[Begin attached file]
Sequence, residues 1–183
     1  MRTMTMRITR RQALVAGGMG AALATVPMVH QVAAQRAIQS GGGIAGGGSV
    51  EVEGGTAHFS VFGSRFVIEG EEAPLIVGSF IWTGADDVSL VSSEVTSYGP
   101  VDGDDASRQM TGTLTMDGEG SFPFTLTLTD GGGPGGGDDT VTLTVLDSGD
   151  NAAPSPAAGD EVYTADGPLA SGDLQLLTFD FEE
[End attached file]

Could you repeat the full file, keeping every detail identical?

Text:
Sequence, residues 1–183
     1  MRTMTMRITR RQALVAGGMG AALATVPMVH QVAAQRAIQS GGGIAGGGSV
    51  EVEGGTAHFS VFGSRFVIEG EEAPLIVGSF IWTGADDVSL VSSEVTSYGP
   101  VDGDDASRQM TGTLTMDGEG SFPFTLTLTD GGGPGGGDDT VTLTVLDSGD
   151  NAAPSPAAGD EVYTADGPLA SGDLQLLTFD FEE